Yamla Pagla Deewana Phir Se Movie Review: A Painful Watch

The incoherent film tries to be a comedy, an Ayurveda commercial, a plea for national integration, a love story and a moral science lesson
Yamla Pagla Deewana Phir Se Movie Review: A Painful Watch

Director: Navaniat Singh

Cast: Dharmendra, Sunny Deol, Bobby Deol, Kriti Kharbanda

Yamla Pagla Deewana Phir Se, the third film in the franchise, is an ode to Ayurveda. Yes, you heard that right. Sunny Deol plays vaid Puran Singh who can cure any ailment with an ancient herbal concoction called the 'Vajra Kavach'. This medicine is such a miracle that big pharma companies want to buy it but Puran refuses to take the crores being dangled in front of him. Which then leads to theft and a court case – at one point, Puran and a lawyer are screaming in court about the curative properties of haldi. I've aged in the two-and-a-half hours it takes to get to the happy ending. By then, I needed a dose of Vajra Kavach myself.

The truth is that watching Yamla Pagla Deewana Phir Se made me sad. The film, directed by Navaniat Singh heavily relies on two things – our goodwill for the Deol family and our nostalgia for all the good times at the movies that Dharmendra, who I have to refer to as Dharam ji, has given us. The title of course comes from one of his most popular songs. And the film ends with an item number in which he, Salman Khan, Rekha and Sonakshi Sinha, are grooving to the Rafta Rafta medley – he and Rekha did the original song in a 1973 film called Kahani Kismat Ki.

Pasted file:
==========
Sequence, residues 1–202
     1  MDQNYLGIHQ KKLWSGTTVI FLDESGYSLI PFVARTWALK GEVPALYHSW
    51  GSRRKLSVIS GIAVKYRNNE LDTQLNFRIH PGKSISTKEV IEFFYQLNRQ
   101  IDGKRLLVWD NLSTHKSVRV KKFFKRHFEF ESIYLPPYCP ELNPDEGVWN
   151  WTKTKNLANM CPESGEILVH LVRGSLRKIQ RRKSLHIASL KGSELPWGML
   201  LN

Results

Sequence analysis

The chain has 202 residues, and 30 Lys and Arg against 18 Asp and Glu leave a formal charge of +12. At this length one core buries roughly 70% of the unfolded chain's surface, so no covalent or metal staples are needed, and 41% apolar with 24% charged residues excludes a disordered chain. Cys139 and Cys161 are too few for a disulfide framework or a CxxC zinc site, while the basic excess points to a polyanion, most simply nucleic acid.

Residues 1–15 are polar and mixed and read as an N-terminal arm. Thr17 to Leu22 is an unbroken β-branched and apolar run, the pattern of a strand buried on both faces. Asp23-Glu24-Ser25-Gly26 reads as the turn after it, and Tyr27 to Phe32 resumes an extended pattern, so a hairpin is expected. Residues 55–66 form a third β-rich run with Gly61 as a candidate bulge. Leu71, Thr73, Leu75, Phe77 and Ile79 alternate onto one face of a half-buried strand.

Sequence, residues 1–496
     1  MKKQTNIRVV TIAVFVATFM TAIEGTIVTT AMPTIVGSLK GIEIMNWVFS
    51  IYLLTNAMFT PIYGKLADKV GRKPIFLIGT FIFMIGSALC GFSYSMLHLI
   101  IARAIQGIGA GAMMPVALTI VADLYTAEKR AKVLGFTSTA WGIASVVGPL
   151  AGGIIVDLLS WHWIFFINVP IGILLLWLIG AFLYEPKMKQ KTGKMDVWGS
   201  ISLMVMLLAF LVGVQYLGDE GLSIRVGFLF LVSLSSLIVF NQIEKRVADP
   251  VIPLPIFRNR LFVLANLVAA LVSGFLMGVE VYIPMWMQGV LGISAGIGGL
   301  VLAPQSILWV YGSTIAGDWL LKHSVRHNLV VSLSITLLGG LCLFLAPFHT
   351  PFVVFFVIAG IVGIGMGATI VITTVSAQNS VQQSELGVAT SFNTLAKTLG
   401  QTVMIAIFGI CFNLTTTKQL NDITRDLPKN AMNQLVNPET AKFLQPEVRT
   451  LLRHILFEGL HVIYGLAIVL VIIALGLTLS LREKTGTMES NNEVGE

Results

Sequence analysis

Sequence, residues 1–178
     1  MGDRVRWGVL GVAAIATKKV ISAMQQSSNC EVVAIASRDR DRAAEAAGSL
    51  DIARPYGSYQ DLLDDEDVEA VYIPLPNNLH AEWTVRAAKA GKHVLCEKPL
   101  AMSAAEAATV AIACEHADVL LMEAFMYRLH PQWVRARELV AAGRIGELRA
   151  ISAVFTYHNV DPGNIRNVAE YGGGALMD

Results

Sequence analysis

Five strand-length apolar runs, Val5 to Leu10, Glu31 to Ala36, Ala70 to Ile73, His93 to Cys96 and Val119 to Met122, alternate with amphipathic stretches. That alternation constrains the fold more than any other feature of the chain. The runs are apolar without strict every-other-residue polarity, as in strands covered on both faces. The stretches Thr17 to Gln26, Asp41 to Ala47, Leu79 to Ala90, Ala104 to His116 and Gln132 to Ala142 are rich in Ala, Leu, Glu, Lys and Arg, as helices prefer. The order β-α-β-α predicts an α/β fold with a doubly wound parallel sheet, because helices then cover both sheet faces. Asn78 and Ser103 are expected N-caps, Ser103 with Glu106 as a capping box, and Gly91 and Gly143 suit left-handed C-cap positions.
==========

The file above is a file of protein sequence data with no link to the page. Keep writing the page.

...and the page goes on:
Dharam ji still has dollops of charm but even he or Sunny Deol's iconic dhai kilo ka haath can't lift this incoherent film. Yamla Pagla Deewana Phir Se tries to be a comedy, an Ayurveda commercial, a plea for national integration – specifically between Gujaratis and Punjabis – a love story and a moral science lesson.

The humor is painfully low grade. A running gag is that Dharam ji is so charming that apsaras from heaven hover around him but of course only he can see them. At one point, he's telling them, "You are all jealous babies." Dharam ji plays a lawyer. Women are so besotted with him that a female judge refuses to pass judgment because she wants him back in her court.

To make matters more excruciating, the background music attempts to force humor and emotion into the dead writing. So each time the younger brother Kaala, played by Bobby Deol, gets drunk, we are helpfully told 'oye chad gayi oye.'

Among the three of them, the Deols have over 100 years of making movies. I think it's time to reinvent.

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